Chic African Culture Africa Factbook

One in Six People in Sudan is Homeless

Picture your home like your cozy nest, where you feel safe and comfortable, surrounded by your family and all your favorite things. Now, think about being told that you have to leave that nest and go somewhere else because of something like a war, gangs, or hunger that makes it impossible to stay there. Being displaced from home means having to leave your nest suddenly and being unable to return for a while. Just like when you go on a trip and miss your bed, being displaced means not having your home, toys, or friends nearby. You have to stay in a different place, maybe with relatives, friends, or a particular shelter such as a displaced persons camp, until it's safe to return home.

Sudan travel

One in Six People in Sudan is Homeless

Sudan is home to a population of 48.6 million, however, since April 2023, 7.7 million people have been displaced both inside and outside of Sudan due to safety concerns. To put it in simpler terms, it's like a playground where some kids can't play anymore because it's no longer safe. In this case, the 7.7 million people had to leave their homes due to a big fight or some other scary event that made it too dangerous for them to stay. 

Suppose you couldn't go back to your cozy room with your bed, toys, and all the things you love. Instead, you had to wander around, not knowing where you'd sleep tonight or if you'd have enough to eat. You wouldn't have a school to go to or friends to play with nearby. Being homeless in Sudan is kind of like that. It means many parents and kids there don't have a safe place to call home. 

Economic Crisis in Sudan Effects on Daily Life

Things in Sudan are getting really bad. There's been a lot of fighting since April 2023, and it's causing big problems. More and more people don't have enough food to eat. In fact, the number of people who can't get enough food has gone up a lot since 2019. Now, there are almost 18 million people who don't have enough to eat, and nearly 5 million of them are in really bad shape.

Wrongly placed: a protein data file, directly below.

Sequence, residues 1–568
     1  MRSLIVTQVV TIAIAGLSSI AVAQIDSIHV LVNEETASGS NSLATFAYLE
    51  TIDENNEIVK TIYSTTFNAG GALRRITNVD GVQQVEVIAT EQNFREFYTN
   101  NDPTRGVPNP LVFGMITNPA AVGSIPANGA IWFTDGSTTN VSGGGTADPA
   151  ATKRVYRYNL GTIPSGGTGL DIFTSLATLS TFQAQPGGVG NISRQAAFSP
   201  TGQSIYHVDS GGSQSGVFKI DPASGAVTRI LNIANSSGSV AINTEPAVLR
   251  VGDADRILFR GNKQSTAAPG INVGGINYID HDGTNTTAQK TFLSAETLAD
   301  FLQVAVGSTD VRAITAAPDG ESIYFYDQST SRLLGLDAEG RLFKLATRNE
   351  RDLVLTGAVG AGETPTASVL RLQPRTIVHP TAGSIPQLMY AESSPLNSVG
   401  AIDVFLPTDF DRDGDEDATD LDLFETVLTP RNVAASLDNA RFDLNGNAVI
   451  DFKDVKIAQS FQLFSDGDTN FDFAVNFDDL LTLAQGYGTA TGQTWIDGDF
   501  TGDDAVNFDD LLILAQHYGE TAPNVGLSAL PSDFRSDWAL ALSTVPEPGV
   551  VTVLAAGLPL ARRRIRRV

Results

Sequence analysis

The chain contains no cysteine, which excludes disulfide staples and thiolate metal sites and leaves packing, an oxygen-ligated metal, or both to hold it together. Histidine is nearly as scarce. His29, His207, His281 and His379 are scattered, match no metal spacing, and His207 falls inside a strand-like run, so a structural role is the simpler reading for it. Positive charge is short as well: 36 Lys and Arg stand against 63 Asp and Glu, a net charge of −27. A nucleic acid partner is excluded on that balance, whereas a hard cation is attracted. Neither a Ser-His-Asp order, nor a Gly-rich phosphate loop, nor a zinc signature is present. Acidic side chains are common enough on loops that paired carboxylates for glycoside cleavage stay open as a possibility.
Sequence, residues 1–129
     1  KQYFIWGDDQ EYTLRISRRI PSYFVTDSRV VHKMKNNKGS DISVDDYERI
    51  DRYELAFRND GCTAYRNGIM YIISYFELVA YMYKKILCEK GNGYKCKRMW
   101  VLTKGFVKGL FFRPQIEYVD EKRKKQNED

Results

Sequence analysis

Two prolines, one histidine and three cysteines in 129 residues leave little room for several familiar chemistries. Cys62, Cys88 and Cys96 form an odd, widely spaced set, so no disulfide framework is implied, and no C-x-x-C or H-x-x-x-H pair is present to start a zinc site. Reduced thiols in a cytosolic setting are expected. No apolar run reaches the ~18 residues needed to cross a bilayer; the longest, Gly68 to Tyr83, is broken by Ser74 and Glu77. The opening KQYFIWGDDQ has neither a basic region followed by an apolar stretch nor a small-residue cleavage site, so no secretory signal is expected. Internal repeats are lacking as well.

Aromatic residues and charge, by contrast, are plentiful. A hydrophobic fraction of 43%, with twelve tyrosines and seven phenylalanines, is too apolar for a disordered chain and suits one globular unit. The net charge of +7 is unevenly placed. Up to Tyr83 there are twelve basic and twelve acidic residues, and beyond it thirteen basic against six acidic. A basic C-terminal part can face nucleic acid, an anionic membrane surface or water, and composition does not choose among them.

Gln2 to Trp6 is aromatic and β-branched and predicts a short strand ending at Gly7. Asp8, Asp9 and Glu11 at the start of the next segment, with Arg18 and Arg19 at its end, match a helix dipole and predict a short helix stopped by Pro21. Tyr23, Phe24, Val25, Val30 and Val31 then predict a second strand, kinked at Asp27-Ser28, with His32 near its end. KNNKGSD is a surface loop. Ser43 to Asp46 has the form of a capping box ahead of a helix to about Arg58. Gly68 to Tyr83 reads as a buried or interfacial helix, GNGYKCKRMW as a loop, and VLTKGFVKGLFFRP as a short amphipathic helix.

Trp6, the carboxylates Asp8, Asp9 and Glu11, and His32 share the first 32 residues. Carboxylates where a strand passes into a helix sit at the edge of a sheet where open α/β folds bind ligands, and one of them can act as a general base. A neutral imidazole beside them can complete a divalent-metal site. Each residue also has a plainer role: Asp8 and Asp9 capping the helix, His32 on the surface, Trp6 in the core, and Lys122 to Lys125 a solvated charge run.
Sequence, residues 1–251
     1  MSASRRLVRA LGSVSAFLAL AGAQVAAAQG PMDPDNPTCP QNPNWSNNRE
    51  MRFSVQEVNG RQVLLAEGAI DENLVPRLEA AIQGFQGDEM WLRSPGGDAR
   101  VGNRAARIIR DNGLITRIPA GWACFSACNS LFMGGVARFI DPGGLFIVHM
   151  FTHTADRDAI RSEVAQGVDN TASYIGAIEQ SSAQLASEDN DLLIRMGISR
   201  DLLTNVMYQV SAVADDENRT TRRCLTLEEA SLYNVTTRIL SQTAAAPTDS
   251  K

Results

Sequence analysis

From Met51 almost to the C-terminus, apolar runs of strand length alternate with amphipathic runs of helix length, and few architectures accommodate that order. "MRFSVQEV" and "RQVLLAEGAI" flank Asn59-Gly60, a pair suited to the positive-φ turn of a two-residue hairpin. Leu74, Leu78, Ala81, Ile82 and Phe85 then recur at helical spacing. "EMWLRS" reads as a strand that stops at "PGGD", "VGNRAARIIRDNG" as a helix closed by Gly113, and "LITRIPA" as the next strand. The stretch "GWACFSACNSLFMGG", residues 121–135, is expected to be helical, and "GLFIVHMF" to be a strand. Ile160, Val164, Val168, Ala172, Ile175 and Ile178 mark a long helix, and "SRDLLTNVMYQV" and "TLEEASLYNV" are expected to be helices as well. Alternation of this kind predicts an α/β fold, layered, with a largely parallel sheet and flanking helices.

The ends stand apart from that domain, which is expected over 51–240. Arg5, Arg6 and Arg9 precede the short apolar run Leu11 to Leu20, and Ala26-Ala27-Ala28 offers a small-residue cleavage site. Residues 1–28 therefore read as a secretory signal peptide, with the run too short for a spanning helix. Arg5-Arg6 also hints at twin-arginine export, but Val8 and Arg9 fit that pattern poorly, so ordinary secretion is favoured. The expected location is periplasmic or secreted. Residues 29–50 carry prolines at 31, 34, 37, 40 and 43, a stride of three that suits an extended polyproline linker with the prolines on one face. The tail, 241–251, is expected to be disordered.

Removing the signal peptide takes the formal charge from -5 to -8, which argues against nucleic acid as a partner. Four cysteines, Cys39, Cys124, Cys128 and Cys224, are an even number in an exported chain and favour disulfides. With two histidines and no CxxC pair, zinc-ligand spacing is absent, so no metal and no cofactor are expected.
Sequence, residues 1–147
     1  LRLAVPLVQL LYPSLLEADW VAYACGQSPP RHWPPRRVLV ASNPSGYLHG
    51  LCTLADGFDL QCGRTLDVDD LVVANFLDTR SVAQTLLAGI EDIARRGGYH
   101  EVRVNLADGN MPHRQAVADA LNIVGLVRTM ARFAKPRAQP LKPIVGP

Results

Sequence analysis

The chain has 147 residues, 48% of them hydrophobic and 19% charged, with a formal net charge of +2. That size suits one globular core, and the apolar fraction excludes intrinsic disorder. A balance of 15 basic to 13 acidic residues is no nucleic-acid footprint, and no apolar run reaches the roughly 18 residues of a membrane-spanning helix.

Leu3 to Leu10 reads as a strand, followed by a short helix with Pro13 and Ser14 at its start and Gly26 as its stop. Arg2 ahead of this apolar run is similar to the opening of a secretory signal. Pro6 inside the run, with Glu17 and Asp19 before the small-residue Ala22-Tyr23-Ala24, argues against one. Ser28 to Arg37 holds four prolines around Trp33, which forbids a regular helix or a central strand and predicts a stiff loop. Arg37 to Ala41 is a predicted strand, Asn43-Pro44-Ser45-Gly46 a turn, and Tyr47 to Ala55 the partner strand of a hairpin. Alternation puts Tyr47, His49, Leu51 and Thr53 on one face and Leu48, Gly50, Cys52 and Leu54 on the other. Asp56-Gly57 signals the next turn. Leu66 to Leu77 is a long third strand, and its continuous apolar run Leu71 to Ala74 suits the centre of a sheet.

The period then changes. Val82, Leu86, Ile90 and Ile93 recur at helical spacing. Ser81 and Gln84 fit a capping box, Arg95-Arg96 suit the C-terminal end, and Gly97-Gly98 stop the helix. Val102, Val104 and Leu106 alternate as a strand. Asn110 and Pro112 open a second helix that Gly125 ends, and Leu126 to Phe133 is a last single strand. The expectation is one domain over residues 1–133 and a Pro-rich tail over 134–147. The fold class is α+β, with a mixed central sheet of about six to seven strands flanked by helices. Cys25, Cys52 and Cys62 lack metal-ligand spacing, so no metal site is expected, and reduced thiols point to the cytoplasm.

Why is this happening? Well, the fighting is making it hard for people to grow food or get to the stores to buy it. Prices for food, gas, and other stuff we need are going way up, and there's not enough food being grown to go around. Because of all this fighting, millions of people have had to leave their homes. Can you imagine having to leave your house because it's not safe anymore? 

It's making things even harder because there are now more people needing help, and there's not enough to go around. The fighting is also messing up the banks, which means people can't get the money they need to buy things. Everything is getting more expensive, and it's really tough for people who don't have much money.

Being homeless in Sudan is tough.

Kids and adults have to sleep in crowded shelters, on the streets, or even in makeshift tents. They do not have enough food to eat every day, and they might miss out on going to school because they're too busy trying to survive. Now, imagine if that happened to kids here in the USA. It would mean they couldn't go back to their warm beds or have the security of a home. They would feel scared, lonely, and uncertain about the future, just like kids who are homeless in Sudan. As a result, they were forced to seek refuge either within Sudan or in other countries. Despite its large, clever population, Sudan has faced many safety concerns that have resulted in people having to leave their homes to ensure their safety.

Things to do to help Sudan's Homeless Displaced Kids

Three things to do to help homeless kids in Sudan are creating awareness campaigns, letter-writing campaigns, and art projects.

Awareness campaigns will help raise awareness about the situation in Sudan. Creating posters or presentations with facts, photos, and stories will help educate classmates, teachers, and family members. Kids become more aware of the world around them, including issues such as poverty, homelessness, or refugee crises, which may not directly affect their lives.

Letter-writing campaigns empower kids to take action and advocate for causes they believe in. Write letters or create cards with messages of support and encouragement for children and families affected by the crisis in Sudan. Send these to local charities or organizations working on the ground to distribute to those in need.

Art Projects about Sudan have the ability to influence change through advocacy. Create artwork inspired by the people, culture, or landscape of Sudan to raise awareness and promote empathy. Display your artwork at school or in your community to spark conversations about the crisis. Art projects help kids understand that they are part of a larger community that extends beyond their immediate surroundings, and they have the power to make a positive impact on the lives of others, regardless of geographical boundaries.

Being homeless and displaced in Sudan is like going on a tragic trip and missing your bed; being displaced means not having your home, toys, or friends nearby.

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